Tuesday, May 21, 2019

Measurement of Biochemical Oxygen Demand (Bod)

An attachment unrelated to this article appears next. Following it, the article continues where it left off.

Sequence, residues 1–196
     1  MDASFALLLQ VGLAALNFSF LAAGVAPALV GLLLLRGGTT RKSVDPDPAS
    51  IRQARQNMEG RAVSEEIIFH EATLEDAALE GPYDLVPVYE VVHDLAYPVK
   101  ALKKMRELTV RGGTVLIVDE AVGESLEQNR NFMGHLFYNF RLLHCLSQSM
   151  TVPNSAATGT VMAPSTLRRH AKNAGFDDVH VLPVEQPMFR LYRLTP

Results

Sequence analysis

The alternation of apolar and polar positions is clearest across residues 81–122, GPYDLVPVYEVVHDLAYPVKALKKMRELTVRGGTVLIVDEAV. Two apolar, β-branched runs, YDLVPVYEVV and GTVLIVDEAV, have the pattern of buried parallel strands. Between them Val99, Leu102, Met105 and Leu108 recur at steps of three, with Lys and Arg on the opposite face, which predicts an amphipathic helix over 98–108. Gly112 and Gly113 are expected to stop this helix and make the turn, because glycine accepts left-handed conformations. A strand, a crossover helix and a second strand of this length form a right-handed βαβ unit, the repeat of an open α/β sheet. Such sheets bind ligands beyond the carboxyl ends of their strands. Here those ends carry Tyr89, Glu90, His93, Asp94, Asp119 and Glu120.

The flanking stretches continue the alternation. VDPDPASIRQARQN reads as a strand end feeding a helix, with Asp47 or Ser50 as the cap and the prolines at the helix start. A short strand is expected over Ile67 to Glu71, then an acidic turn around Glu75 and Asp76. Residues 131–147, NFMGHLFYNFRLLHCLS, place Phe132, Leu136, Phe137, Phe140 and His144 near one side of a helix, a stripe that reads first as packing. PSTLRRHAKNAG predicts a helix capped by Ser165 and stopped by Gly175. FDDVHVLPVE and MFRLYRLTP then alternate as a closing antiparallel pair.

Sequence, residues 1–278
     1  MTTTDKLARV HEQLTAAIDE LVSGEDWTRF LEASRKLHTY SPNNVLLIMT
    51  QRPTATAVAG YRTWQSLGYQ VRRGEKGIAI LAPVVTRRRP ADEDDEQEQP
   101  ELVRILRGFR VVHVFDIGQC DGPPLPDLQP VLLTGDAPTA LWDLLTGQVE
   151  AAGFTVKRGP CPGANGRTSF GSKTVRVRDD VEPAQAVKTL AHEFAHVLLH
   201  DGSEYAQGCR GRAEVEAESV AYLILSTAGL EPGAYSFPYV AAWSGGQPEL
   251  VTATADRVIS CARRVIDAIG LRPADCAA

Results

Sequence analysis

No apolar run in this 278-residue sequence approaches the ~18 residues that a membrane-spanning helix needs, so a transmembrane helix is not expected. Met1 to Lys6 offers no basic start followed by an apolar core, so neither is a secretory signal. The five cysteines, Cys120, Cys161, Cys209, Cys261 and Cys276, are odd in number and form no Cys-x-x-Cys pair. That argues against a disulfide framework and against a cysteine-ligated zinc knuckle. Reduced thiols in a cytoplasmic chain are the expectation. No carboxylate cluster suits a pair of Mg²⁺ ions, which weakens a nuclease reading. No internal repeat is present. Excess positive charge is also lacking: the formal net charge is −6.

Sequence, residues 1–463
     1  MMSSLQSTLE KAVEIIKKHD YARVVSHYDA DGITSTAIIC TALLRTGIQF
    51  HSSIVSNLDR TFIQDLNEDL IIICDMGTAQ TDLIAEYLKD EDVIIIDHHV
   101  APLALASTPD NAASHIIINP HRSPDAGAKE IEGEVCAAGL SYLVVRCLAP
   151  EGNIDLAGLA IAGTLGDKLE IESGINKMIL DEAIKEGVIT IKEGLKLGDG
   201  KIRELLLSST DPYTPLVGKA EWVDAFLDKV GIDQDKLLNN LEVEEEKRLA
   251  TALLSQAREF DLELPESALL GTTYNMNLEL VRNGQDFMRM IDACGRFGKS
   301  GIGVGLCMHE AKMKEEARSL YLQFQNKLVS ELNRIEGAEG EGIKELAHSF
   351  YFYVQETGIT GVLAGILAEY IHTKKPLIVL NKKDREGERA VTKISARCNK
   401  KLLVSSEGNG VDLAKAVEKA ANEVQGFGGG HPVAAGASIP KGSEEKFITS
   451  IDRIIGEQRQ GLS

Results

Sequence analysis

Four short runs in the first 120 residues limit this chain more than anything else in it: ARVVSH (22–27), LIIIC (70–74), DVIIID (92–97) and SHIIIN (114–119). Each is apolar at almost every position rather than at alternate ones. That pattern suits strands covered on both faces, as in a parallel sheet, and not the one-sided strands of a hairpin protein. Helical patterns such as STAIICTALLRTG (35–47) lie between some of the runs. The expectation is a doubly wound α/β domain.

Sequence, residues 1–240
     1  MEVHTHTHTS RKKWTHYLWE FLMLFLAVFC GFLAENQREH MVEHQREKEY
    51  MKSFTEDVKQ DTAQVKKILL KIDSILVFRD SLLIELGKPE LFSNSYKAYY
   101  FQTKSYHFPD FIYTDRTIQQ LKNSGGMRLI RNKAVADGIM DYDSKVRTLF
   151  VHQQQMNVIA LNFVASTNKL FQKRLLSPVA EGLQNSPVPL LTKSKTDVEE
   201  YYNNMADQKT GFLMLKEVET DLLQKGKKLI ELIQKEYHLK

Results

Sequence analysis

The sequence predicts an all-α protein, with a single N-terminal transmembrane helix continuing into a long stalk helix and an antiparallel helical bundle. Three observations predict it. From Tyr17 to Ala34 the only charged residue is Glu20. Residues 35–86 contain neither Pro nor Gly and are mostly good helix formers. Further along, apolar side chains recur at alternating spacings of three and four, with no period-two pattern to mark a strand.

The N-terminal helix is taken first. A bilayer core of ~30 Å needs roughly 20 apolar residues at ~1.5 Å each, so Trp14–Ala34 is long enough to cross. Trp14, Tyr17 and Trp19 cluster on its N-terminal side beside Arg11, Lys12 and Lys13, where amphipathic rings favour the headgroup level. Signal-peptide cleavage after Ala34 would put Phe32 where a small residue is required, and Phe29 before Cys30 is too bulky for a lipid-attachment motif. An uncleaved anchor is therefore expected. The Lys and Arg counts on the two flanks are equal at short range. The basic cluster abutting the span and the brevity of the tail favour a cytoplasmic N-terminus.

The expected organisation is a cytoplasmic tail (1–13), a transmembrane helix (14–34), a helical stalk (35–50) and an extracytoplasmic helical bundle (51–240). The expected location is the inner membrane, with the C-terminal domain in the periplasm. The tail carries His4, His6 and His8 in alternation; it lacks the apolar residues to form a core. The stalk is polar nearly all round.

Title Laboratory 2 Measurement of Biochemical atomic number 8 Demand ( mannequin) Objective To determine the add up of oxygen necessary for biological oxidation of sewer water effluent and determine the amount of oxygen required by bacteria while stabilizing analyzable organic fertilizer occasion. Methodology Apparatus Biochemical Oxygen Demand (BOD) meter, Dissolved Oxygen bottle (DO bottle), pipette, Teflon tape, dilution water, incubator machine. Procedure Add 300 ml dilute water then take DO reading immediately Closed properly and keep into the incubator (200C).Take reading for the next 5 old age Add 3 ml dilute water and fill up with dilute water until 300ml then take DO reading immediately shape 1 Precaution Samples for BOD analysis may change greatly during handling and storage. Testing should be started as quickly as possible. To reduce the changes in those essays which must be held, keep the samples at or below 4C. Do not allow samples to freeze. Samples may be kept for no to a greater extent than 48 hours before beginning the BOD test. Students assign to restrain interference from chlorine. Because chlorine is such a strong oxidizing agent, it will inhibit the growth of quick bacteria in the BOD test.Any samples containing residual chlorine must be pretreated to remove chlorine before the test is run. This is done by adding sodium sulfite to the sample. Samples with primitive pH values and samples containing disinfectants such as residual chlorine must be treated prior to testing. Caustic alkalinity or acidity locoweed prevent bacteria from growing during the course of the BOD test. To prevent this, samples which have pH values higher than pH 8. 0 or lower than pH 6. 0 must be neutralized to pH 7. 0 before the test is performed. Result 1) 3 ml sample classify Sample Result First day (1st) 5th day (5th) DO Temp DO Temp (mg/l) (0C) (mg/l) (0C) 1 Blank 1st 9. 20 25. 8 9. 26 20. 3 2nd 9. 16 25. 8 9. 30 20. 4 3rd 9. 13 25. 8 9. 31 20 . 5 think up 25. 8 20. 4 shoot a line Water 1st 9. 24 26. 2 8. 73 20. 5 2nd 9. 12 26. 2 8. 77 20. 6 3rd 9. 10 26. 2 8. 79 20. 7 Mean 26. 2 20. 6 4 Blank 1st 9. 14 25. 9 9. 04 20. 5 2nd 9. 16 26 9. 02 20. 5 3rd 9. 15 26 9. 01 20. 5 Mean 25. 97 20. 5 Waste Water 1st 9. 08 26. 2 8. 31 20. 2nd 9. 05 26. 3 8. 34 20. 7 3rd 9. 02 26. 4 8. 35 20. 8 Mean 26. 3 20. 73 5 Blank 1st 9. 10 25 8. 86 20. 5 2nd 9. 11 25 8. 88 20. 5 3rd 9. 10 25 8. 86 20. 5 Mean 25 20. 5 Waste Water 1st 9. 10 25 7. 82 20. 5 2nd 9. 11 25 7. 82 20. 5 3rd 9. 11 25 7. 84 20. 5 Mean 25 20. 5 The BOD of the sample bathroom be calculates using the equations provided in the following First Equation is provided by the standard method BOD5= mgL= D1 D2P Second Equation is BOD5= mgL= D1 D2 -B1 B2 P WhereD1 DO of the thin out sample immediately after preparation, mg/L D2 DO of the diluted sample after 5-day incubation at 200c, mg/L B1 DO of the obligate before incubation B2 DO of the control after incubation P fraction of the wastewater sample volume to total combined volume Group Sample First day (1st) Fifth day (5th) BOD5 BOD5 DO Temp DO Temp (mg/l) (mg/l) (mg/l) (0C) (mg/l) (0C) (1st Equation) (2ndEquation) 1 Blank 9. 16 25. 8 9. 29 20. 4 52 Waste Water 9. 15 26. 2 8. 76 20. 6 39 4 Blank 9. 15 25. 97 9. 02 20. 5 59 Waste Water 9. 05 26. 3 8. 33 20. 73 72 Blank 9. 1 25 8. 87 20. 5 105 Waste Water 9. 11 25 7. 83 20. 5 128 Discussion From the equation, the result are totally different, it is because second (2nd) equation actually are specialist for seeded sample. Since that, it does not suitable and cant be used to calculate the BOD level. BOD test is a biological test dependent on the actions of the microorganisms found in the wastewater and, as such, is subject to a number of interpretations. These variations can be caused by a number of factors, including changes in temperature, weather, composition of incoming sewage, in plant o perations, and sample distribution points.Results can vary widely from day to day, or even hour to hour. . Form the result we found that the the BOD level in group 5 is 128mg/L, Group 4 72mg/L is quiet higher rather than Group 1 39mg/L. When BOD levels are high, dissolved oxygen (DO) levels decrease because the oxygen that is forthcoming in the water is being consumed by the bacteria. Since less dissolved oxygen is available in the water, fish and other aquatic organisms may not survive. If referred to the IWK website, BOD5 at 200C is 20mg/L for standard A and 50mg/L for standard B.Its mean only sample from group 1 is under control and can be authorise as clean. High level of result from group 4 and 5 may resulted by the input of nitrates and phosphate. Nitrates and phosphates in a body of water can contribute to high BOD levels. Nitrates and phosphates are plant nutrients and can cause plant life and algae to grow quickly. When plants grow quickly, they also die quickly. This con tributes to the organic waste in the water, which is then decomposed by bacteria. One of the major disadvantages of the BOD test is the time lag between the collection of samples and the final calculation of results.This makes the BOD test a poor test for determining whether or not operational changes are needed. In addition, the rate and degree that organic matter in wastewater is decomposed (or oxidized) by the normal bacteria present in a sample is largely dependent on the characteristics of the organic matter. For example, some organic matter (like sugars or starches) are oxidized very easily and rapidly, and will almost always result in measurable BOD. Other organic matter, however, is sometimes resistant to biological oxidation, and may require special acclimated bacteria to oxidize the material and to show a BOD.Although this is what actually happens in nature, it causes significant variation in BOD results from sample to sample. Conclusion, high level of BOD reflects to the DO which it will be decrease. Which is mean the water quality if poor. References Unknown. (n. d. ). Indah Water. Retrieved from http//www. iwk. com. my/v/knowledge-arena/effluent-standards Unknown, A. (n. d. ). Biological Oxygen Demand (BOD) Overview. Retrieved from Polyseed. com http//www. polyseed. com/misc/BODforwebsite. pdf